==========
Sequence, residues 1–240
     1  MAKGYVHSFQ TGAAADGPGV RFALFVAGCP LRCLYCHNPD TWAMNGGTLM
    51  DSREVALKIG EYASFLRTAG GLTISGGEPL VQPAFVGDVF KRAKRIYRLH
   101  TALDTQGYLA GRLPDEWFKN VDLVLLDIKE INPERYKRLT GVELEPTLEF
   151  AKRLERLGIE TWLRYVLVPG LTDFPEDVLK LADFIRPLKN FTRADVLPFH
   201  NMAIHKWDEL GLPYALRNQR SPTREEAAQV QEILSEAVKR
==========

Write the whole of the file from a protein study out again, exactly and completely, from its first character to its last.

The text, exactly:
Sequence, residues 1–240
     1  MAKGYVHSFQ TGAAADGPGV RFALFVAGCP LRCLYCHNPD TWAMNGGTLM
    51  DSREVALKIG EYASFLRTAG GLTISGGEPL VQPAFVGDVF KRAKRIYRLH
   101  TALDTQGYLA GRLPDEWFKN VDLVLLDIKE INPERYKRLT GVELEPTLEF
   151  AKRLERLGIE TWLRYVLVPG LTDFPEDVLK LADFIRPLKN FTRADVLPFH
   201  NMAIHKWDEL GLPYALRNQR SPTREEAAQV QEILSEAVKR